“One more centimetre,” said the chief technician, while operating the hydraulic jack system on 14 August. The 5-m-diameter, 5-m-long cylindrical detector gently slid into the parking position, 56 metres below the ground in the ALICE cavern at LHC Point 2, where it will stand for some time. This operation culminates the many-years-long upgrade of ALICE’s Time Projection Chamber (TPC), the large tracking device of the LHC’s heavy-ion specialist.
The ALICE TPC is a big, gas-filled cylinder with a hole in the centre – to accommodate the silicon tracker as well as the beam pipe – where the charge produced by ionising radiation is projected onto detectors arranged in the two endplates. These detectors used to be multi-wire proportional chambers, 72 in total, which have now been replaced by detectors based on Gas Electron Multipliers (GEM), a micro-pattern structure developed at CERN. These new devices, together with new readout electronics that feature a continuous readout mode, will allow ALICE to record the information of all tracks produced in lead–lead collisions at rates of 50 kHz, producing data at a staggering rate of 3.5 TB/s. The average load on the chambers under these conditions is expected to be as high as 10 nA/cm², and the GEM detectors are able to cope with this. But will these new devices perform as nicely as their predecessors?
In order to answer this question, several years of intensive R&D were necessary, since the large number of positive ions produced at the detectors would lead to excessive track distortions. This, combined with the necessity of keeping excellent energy-loss (dE/dx) resolution for particle identification, and the imperative robustness against discharges, posed an exciting challenge that led to a novel configuration of GEM-based detectors.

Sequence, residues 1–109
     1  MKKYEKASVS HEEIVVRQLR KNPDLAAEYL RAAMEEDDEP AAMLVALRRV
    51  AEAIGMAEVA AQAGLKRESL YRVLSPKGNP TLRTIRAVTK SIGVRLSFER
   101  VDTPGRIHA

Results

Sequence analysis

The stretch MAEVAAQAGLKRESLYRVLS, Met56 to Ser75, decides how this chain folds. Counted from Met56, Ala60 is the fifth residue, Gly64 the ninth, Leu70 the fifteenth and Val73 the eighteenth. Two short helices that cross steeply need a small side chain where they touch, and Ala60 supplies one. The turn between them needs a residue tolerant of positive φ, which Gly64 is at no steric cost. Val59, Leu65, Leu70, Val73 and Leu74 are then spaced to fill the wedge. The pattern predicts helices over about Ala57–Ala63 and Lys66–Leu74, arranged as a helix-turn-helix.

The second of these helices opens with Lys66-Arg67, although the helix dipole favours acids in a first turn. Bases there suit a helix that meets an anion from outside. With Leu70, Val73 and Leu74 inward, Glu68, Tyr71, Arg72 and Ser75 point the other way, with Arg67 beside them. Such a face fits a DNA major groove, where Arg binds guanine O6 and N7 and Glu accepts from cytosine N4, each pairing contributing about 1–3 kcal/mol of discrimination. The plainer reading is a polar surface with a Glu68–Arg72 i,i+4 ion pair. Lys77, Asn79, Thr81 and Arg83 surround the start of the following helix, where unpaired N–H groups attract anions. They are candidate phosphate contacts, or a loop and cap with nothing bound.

As the fabrication of over 800 GEM foils was taking place at the CERN PCB workshop, the new chambers and electronics were being constructed and thoroughly tested around the world – quite a logistic exercise. The ALICE team proceeded with the final steps of the upgrade process during the ongoing second long shutdown of CERN’s accelerator complex (LS2). First, the TPC was extracted from the underground cavern and brought, inside its blue frame, to a large clean room at the surface. Cranes, jacks and a huge truck were used for careful transportation. The chamber replacement, electronics installation and tests with a laser system, cosmic rays and X-rays took over a year. In July 2020, the TPC was declared ready for being re-installed in the cavern. Cranes, truck and jacks once again.
ALICE achieved a major milestone with the completion of the TPC upgrade, after many years of intense R&D, construction and assembly. At the end of 2020, all the services will be connected and the full, upgraded TPC will be operated and commissioned together with all other detectors in the experiment. The real excitement will be when the first post-LS2 collisions from the LHC are delivered.